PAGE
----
In the first six months of 2015 the PMLP has issued more than 700 work-related residence permits to foreigners working in Latvia.
Representatives of the job classifieds website cvmarket.lv told Latvian Radio that about 3% of their users say their native language is neither Latvian, nor Russian. Inhabitants of origins exotic to Latvia – like Nepalese, Tibetan and Iranian – are also among foreign job seekers in the country.
For example, 24-year-old Sadish from India came to Latvia in March to study mechanics at Riga Technical University (RTU). He said that he understands only about one third of what's said in Latvian, so he'd rather speak in English. He said he chose to study at RTU as the expenses are less in Latvia than in other European countries.
He said he started looking for a job right upon his arrival, but it wasn't easy.
"First of all I inquired at restaurants, mostly in Old Riga. They answered that even to become a dishwasher I had to speak Latvian. That's why I stopped going to restaurants and continued looking for a job at the ss.lv [classifieds] website. In the end, I found a job as a dishwasher at Kaņepes Kultūras Centrs," Sadish said.
Sadish needed just a week to find a job. Now he thinks that he could find a job in another place as well, as he has picked up some Latvian from his colleagues.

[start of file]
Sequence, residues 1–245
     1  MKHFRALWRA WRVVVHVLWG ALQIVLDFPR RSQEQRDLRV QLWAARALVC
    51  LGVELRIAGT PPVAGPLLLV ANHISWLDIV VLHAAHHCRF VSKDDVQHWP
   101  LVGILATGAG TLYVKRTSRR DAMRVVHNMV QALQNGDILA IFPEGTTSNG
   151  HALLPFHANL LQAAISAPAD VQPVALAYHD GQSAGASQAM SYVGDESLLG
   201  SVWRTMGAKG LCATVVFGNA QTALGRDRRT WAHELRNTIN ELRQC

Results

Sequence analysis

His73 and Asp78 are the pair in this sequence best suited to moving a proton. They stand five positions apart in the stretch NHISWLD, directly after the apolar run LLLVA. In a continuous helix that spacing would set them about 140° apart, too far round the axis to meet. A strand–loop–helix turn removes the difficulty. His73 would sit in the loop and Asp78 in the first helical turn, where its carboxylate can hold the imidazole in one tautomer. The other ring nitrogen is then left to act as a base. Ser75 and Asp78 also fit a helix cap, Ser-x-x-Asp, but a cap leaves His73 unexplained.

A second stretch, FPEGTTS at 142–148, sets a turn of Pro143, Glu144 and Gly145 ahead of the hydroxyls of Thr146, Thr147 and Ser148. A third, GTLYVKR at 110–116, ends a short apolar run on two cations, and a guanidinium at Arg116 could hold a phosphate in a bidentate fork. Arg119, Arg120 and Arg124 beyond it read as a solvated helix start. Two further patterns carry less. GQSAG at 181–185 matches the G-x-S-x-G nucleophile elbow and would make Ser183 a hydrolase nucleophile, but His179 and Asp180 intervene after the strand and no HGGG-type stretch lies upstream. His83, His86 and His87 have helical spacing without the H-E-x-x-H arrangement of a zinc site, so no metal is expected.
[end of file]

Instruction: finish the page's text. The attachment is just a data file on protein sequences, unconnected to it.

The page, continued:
"Others have stopped calling and writing. They only ask their friends, whether they have any friends that can help them land a job. But they don't do anything themselves. If you try hard enough, you can find a job. I mostly say this about Indians. Me and my friend only depended on ourselves in looking for a job, and he found a good job, reminding other [compatriots] that, if you depend on the others, you won't find a good job," said the student.
According to the cvmarket.lv website, many foreigners are working in Latvia. If for three percent the native language is neither Latvian, nor Russian, they are foreign guests.
"These are, of course, only our registered users, so the sample is not representative, but the number [of foreign workers] is quite large. In total we have about 175,000 users, and English is usually specified as 'other language'. Though there are about 500 who know Arabic as well. Our neighbors Lithuanians are active as well – they look for a job in Latvia, just like Estonians and Finns," said head of the Latvian cvmarket.lv branch Renāte Zīverte.
According to representative of the PMLP Undīne Priekule, mostly work visas in Latvia are granted to Ukrainians, Belarusians, and Russians. A total of 2,500 people reside in Latvia with these permits. They work here in industries such as construction, transportation, coding and food.
While guest workers from other EU countries aren't tracked by the PMLP - from 2008 there's free movement of workers in the European Union, so EU nationals don't require a visa.